Tom Bird Bear, Politician

Page 13 of 14

Persistent Issues

Hello. My name is Tom Bird Bear, and I'm a member of the Tribal Business Council with the Three Affiliated Tribes. I'd like to welcome everyone to Fort Berthold and the Three Tribes. What I'll be talking about today is the tribal government and some of the areas related to the historic journey of Lewis and Clark two centuries ago.

I grew up here on the reservation, from a farming and ranching background. I joined the service and went into the U.S. Army after high school. I attended college, and graduated with a bachelor of arts degree in philosophy from the University of North Dakota. I have a law degree from the law school there at the University. And today, I'm a licensed attorney and an attorney-at-law. But for now the tribal government takes up the majority of my time in terms of practice.

What we do today in tribal government is so related to the bicentennial in terms of President Jefferson in 1803, and his instructions to Lewis and Clark as they journeyed westward to this new country. I think it's significant at this time, 200 years later, that the president of the United States, William Jefferson Clinton, continues the relationship, and continues the recognition of tribal nations as sovereign entities. As part of his Executive Order of 1998, he points out that in treaties the United States has guaranteed the right of Indian tribes to self-govern, and I think that is so significant today, when you look at the history of our tribe from the point of contact with Lewis and Clark and, really, a couple of centuries of challenges, of devastation, and of coming back from that to where we're at today.

I think it is significant that Lewis and Clark, in their journey, came through this area. They came through the Missouri River. Through unfortunate circumstances about fifty years ago, through the flood, Lake Sakakawea was created. But we still have a number of historic sites, and points of interest, along the area that we have without our jurisdiction. Its those areas like Pouch Point, Reunion Bay, and various others, that we are certainly interested in promoting with the bicentennial issues, promoting as far as tourism, and that's really where we're seeing the two things come together with history in terms of our casino expansion, and how we want to see economic development succeed on Fort Berthold, and the ideas and all of the positive things coming out of the bicentennial and the Lewis and Clark journey.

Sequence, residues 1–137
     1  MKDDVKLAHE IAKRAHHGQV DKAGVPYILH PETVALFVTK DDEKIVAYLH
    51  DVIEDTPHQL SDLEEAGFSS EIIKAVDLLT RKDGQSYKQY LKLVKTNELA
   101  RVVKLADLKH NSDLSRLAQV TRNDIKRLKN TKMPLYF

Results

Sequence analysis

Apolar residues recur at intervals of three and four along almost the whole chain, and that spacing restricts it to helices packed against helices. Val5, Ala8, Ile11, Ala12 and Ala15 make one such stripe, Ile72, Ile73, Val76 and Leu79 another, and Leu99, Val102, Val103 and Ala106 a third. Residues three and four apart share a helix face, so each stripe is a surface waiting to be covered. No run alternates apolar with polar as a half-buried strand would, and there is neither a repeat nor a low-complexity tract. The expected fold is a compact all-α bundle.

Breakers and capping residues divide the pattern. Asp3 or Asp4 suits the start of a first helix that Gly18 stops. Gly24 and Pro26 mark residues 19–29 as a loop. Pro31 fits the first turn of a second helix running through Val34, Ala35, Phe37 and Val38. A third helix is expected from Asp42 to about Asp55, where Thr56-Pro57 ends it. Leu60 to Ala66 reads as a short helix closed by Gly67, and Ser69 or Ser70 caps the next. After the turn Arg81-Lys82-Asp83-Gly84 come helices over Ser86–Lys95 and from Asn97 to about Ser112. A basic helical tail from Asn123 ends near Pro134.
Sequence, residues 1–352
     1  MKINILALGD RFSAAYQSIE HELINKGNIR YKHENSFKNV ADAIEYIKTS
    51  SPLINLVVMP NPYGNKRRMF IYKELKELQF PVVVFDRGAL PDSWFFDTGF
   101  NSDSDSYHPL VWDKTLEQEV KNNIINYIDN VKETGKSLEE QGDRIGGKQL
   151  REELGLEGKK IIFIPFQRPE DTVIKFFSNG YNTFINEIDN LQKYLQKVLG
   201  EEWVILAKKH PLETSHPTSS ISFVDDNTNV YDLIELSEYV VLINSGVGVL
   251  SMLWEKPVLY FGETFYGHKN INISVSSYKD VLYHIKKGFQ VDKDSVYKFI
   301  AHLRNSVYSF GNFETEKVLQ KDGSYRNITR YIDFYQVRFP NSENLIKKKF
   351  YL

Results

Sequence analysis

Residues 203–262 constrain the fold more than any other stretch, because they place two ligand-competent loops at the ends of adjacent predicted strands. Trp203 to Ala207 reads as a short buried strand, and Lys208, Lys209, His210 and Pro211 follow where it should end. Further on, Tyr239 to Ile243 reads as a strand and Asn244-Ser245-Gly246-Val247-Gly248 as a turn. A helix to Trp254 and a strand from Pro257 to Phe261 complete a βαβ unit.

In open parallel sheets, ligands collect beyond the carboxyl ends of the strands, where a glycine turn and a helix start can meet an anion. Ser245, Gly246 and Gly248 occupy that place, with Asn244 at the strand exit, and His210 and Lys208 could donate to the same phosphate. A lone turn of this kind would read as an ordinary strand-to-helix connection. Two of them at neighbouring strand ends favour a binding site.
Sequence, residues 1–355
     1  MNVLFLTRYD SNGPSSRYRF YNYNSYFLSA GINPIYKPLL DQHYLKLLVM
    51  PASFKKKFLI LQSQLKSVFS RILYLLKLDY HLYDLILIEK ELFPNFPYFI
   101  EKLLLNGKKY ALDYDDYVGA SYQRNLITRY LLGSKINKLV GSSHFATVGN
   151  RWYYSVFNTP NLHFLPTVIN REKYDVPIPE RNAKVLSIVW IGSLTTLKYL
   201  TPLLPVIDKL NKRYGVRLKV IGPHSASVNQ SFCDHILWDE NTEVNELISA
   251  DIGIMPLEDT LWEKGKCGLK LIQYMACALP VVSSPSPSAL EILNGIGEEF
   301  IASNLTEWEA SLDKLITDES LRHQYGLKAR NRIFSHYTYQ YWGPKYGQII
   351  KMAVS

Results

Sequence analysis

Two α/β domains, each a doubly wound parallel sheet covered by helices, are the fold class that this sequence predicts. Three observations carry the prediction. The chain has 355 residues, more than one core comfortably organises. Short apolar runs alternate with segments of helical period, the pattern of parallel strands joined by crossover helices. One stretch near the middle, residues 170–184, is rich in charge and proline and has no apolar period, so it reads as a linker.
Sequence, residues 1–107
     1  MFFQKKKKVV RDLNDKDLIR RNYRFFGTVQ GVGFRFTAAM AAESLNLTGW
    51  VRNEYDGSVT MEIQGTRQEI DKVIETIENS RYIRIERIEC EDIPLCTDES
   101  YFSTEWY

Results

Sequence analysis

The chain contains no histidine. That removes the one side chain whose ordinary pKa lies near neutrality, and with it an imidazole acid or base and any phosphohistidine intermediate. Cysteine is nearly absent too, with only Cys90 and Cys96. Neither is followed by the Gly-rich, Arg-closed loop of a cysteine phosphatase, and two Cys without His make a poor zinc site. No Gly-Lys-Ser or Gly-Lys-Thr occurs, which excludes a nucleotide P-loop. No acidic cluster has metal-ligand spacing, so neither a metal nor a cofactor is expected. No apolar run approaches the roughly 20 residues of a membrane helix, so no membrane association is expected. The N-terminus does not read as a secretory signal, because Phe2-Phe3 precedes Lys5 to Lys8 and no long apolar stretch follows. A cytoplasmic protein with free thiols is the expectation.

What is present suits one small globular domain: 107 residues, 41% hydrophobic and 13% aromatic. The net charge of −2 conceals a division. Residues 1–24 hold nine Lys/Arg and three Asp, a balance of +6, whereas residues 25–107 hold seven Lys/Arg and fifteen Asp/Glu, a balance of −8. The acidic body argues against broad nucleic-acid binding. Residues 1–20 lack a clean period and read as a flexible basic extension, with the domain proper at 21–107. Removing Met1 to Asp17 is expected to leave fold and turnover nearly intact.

You know, gaming as a separate issue, as an economic issue. . . . Gaming arose out of the 1988 statute passed by Congress, the Indian Gaming Regulatory Act. It set forth the authority, and so forth, of the tribes to conduct various forms of gaming. It's important for our tribe here and, I think, tribes nationwide, because of the historic problems and chronic issues associated with poverty, and so forth, in really trying to get an economic development engine prepared and started everywhere.

I think that, too often, that's something that is not highlighted, or that is not given enough attention by the major media, by non-tribal elected officials, and there's really a tide against what is perceived as the tribes' unfair advantage, and so forth.

However, what we're dealing with is a limited marked. We are a rural area. Some tribes enjoy a better status than we do. But nonetheless I think, uniformly almost, in fact, the tribes that deal with and are involved with gaming, they tend to provide the services, the better level of services that they can to their members, that the rest of the country is used to, but that we haven't seen. So it's a matter where we're attempting to get on a level playing field, and the successes that we enjoy, and the expansion that we would like to see, are only a beginning, really.